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11 of 13 people found the following review helpful By misterbeets on February 7, 2004
Format: Hardcover Verified Purchase
The opening sentence "One of the big issues that exercised the minds and consciences of architects and social commentators between the two world wars was the future of domestic architecture" sets the tone for the book that follows. It discusses all of Modernism in the Twenties and Thirties, not just Art Deco, including Rietveld-Schroder and Villa Savoy among the Deco houses. It gives the context of the famous "machines for living" quote, often used as a rallying cry of the anti-Modernists, but which actually only refers to the thermostatically-controlled central heating, hot and cold running water, and other conveniences that were new back then.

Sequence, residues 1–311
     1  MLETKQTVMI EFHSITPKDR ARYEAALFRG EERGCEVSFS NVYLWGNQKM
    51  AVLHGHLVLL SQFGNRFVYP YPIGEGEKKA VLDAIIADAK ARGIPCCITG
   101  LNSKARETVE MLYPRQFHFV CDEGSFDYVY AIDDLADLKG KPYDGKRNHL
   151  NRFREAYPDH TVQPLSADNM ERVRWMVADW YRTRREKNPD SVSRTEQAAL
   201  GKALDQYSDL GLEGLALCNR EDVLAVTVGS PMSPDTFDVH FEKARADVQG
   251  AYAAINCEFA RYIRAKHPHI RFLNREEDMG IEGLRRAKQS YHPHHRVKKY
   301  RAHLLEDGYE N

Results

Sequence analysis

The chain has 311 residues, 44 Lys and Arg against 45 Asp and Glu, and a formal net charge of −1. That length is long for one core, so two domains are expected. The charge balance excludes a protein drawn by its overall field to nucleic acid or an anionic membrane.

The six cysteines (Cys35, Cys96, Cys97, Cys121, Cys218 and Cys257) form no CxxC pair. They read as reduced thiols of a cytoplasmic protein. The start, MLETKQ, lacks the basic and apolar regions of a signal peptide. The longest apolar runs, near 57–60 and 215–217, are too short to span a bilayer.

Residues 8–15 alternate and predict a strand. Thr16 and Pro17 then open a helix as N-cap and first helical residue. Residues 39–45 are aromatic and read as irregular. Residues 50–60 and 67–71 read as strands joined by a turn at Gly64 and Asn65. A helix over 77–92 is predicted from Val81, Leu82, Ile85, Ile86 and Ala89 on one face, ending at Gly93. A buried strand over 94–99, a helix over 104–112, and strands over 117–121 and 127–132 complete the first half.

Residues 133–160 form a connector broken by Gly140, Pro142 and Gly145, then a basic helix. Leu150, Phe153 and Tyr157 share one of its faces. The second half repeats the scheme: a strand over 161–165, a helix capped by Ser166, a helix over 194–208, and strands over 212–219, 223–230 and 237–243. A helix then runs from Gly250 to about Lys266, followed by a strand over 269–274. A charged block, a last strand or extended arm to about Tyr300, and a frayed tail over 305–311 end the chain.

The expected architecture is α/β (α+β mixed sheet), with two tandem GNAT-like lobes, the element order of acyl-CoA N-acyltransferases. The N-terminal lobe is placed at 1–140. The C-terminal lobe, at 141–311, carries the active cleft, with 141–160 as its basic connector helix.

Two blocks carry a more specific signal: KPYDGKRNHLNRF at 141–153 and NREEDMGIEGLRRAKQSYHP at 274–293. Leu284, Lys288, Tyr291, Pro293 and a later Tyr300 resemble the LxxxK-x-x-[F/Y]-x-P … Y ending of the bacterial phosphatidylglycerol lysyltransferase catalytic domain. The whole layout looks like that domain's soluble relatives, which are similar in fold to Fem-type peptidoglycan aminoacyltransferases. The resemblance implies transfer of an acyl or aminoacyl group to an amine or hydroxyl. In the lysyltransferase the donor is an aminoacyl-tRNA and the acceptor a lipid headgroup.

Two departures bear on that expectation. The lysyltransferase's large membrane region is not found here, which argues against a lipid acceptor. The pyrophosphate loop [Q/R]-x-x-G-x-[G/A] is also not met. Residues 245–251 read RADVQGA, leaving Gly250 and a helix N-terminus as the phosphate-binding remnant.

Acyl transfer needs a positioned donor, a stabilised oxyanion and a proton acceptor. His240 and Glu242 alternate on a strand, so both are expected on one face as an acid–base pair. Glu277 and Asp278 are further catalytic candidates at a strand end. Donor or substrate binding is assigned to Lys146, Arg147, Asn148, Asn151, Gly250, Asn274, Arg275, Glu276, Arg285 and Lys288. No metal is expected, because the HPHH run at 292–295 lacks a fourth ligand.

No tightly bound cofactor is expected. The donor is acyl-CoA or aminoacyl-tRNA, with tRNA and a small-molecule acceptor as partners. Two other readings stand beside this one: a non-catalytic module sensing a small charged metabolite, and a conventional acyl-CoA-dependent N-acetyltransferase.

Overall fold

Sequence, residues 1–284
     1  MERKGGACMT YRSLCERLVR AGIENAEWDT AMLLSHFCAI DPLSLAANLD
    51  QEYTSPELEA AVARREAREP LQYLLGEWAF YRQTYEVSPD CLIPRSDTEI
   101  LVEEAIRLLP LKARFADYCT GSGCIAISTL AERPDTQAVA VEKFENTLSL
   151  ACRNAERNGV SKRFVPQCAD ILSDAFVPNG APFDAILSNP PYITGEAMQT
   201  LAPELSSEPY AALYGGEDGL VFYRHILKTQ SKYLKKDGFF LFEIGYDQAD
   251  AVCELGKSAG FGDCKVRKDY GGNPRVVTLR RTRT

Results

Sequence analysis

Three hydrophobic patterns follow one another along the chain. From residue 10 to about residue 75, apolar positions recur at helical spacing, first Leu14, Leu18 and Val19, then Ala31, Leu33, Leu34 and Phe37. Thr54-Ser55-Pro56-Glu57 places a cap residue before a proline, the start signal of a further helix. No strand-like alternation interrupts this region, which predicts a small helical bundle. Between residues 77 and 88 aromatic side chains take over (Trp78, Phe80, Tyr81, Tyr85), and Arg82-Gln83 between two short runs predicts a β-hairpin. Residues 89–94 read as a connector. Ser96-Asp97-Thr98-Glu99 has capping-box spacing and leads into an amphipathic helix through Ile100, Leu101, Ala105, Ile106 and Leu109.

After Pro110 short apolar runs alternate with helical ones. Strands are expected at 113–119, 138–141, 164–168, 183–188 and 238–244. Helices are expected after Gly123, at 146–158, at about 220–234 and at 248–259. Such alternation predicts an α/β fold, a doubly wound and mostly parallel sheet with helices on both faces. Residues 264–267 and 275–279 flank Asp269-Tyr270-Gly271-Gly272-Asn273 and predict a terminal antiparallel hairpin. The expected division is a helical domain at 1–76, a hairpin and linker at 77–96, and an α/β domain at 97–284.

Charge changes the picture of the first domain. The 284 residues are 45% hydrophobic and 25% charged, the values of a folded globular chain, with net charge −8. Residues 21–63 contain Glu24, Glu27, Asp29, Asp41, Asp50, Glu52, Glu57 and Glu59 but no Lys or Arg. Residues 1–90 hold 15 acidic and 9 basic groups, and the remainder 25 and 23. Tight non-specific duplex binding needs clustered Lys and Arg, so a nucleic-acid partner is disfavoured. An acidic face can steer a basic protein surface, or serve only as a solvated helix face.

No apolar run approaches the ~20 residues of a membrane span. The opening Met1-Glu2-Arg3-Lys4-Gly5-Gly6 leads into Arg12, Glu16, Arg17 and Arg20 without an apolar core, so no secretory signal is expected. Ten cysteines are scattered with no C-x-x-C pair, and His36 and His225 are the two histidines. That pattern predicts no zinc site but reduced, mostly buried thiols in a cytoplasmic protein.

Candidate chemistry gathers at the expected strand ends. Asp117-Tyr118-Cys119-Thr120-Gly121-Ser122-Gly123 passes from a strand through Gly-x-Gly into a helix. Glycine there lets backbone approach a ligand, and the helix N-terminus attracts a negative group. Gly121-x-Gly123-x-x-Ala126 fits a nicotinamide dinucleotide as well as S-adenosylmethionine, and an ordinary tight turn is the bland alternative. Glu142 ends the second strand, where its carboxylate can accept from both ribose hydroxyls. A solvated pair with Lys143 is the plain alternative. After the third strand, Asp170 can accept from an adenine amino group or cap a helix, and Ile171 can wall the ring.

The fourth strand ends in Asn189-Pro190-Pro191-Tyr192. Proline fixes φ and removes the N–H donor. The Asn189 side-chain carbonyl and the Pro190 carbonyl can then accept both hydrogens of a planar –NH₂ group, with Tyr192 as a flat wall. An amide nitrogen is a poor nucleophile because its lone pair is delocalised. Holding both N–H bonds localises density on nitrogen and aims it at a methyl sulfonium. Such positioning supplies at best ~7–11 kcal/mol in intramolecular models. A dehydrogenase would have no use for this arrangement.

The author talks about the personalities, events and the Jazz Age itself as much as the houses, explaining the style had none of the intellectual seriousness of the International Style, was usually very expensive, and was never big in Britain.
It's a very substantive book, full of interesting pictures, from an extremely knowledgeable and charming author.
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18 of 25 people found the following review helpful By Dafna Levy on January 31, 2005
Format: Hardcover
This book is full of beautiful pictures and is well written. However, I was expecting a book about the average art-deco home. This book featured only the more extravagant homes of the time. It did not help me decide how to furnish my modest 1930's home.
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By Brianh979 on December 27, 2014
Format: Hardcover Verified Purchase
Nice
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0 of 5 people found the following review helpful By M. Olivier Gallais on January 11, 2007
Format: Hardcover
Thanks. The shipping is a little long, like usually with books coming from USA.

To recommend

Olivier